Mosquitoes can cause illness. In the past several years many cases of West Nile Virus and La Crosse Encephalitis have occurred in our state. Both of these are caused by the bites of mosquitoes. The most important factor to the mosquito season is that mosquito populations can be reduced or eliminated by removing all potential for standing water such as bird baths, pet bowls, tires, pots, cans and even bottle caps. There is no container too small when it comes to potential breeding grounds for mosquitoes. As you are in your yards and working around your house this spring and summer, be observant of areas that have standing water and look at options to remove or drain these areas. A few days after rain, take the time to walk around the yard, looking for standing water.
If you are unable to prevent standing water that may become stagnant and harbor mosquito growth, check at your local lawn and garden store or farm supply store for products that are called larvicides that will prevent the growth of mosquitoes. These can be sprinkled on the standing water. This prevents the larvae, or even the “squigglers” from hatching into mosquitoes. Prevention of the hatching of the mosquito larvae is the key to preventing mosquito bites in the later summer month. Water in small fish ponds and landscaping will not harbor mosquito growth if the water is circulating.
When you are outside use mosquito repellents containing DEET. Apply sparingly to children before they play out of doors and rinse children off with soap and water when they come back in. Do not apply repellent to the face and hands of young children because they may rub it in their eyes. Use head nets, long sleeves and long pants if you venture into areas with high mosquito population. Make sure your windows and door screens are “bug tight.”
Some myths about mosquito control include that ultraviolet lights and bug zappers as well as ultrasonic devices are effective. They are not. Citronella candles, citronella repellents and garlic are not effective in keeping mosquitoes away. Bats and Purple Martins do eat mosquitoes, but not enough to be a useful control of mosquito bite prevention. Some people are more prone to attract mosquitoes and mosquito bites due to a hormone that they release. Avoiding outdoor times when mosquitoes are most prevalent is also helpful.
If you find that you have an unusual amount of mosquitoes, please call the health department for an assessment to determine if collection of mosquitoes in traps is needed to identify the type of mosquito.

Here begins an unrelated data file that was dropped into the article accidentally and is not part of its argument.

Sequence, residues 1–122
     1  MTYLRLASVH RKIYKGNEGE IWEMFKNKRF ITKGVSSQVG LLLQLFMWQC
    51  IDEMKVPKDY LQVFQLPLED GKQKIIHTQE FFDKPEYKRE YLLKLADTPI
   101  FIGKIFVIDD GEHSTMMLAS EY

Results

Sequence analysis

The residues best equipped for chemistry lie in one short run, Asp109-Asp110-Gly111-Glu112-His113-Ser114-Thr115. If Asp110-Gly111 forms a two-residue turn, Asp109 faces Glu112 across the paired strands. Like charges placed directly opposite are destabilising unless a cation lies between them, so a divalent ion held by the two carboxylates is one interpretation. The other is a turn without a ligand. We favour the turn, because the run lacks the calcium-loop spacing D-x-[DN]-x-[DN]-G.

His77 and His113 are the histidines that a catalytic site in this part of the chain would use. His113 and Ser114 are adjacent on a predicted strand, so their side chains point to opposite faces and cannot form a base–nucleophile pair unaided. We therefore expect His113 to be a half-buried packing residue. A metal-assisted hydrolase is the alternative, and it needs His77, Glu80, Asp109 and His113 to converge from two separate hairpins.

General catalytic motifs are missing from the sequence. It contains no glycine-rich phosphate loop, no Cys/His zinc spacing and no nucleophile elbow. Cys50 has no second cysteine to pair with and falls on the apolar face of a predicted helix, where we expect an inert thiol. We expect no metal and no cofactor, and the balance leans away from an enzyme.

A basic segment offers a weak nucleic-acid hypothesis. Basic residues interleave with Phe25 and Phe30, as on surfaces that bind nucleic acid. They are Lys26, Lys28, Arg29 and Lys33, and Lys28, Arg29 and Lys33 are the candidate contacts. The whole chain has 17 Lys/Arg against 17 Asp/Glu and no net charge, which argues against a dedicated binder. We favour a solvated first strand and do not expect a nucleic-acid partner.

The Mason County Health Department collects reports of dead birds every year from May 1 to October. The purpose of the dead bird surveillance is to establish if West Nile Virus could be in our area. Dead birds serve as an indicator that West Nile Virus is present in the community. This is accomplished by testing freshly, less than 24 hours, dead birds. This year we will be collecting reports of all birds, but only obtaining swab specimens from specific birds if they meet the qualifications for testing. By tracking the number of dead bird reports, the intensity of viral activity can also be estimated because more dead reports suggest more viral activity and a higher likelihood of human cases. If you see a dead bird near your home and it does not appear that the death has been due to trauma, please call the health department at 304-675-3050 to report and if needed, arrangements will be made to collect swab samples.
Once the report is received, the health department maps the location of the report. It is assessed weekly to determine if we have clusters of dead bird reports as well as forwarding this report to the state health department. If the health department does not need to test the dead bird, you should place a plastic bag over your hand, pick up the dead bird and place the dead bird in the garbage. There is no evidence that West Nile can be transmitted just from handling a bird, however, you should always take precautions when handling sick or dead wildlife. Wash your hands with soap and water after disposal of the bird.
For more information on mosquito control or dead bird reporting, call the Mason County Health Department at 304-675-3050.
(Staff note: This is the first of three summer health articles from the Mason County Health Department.)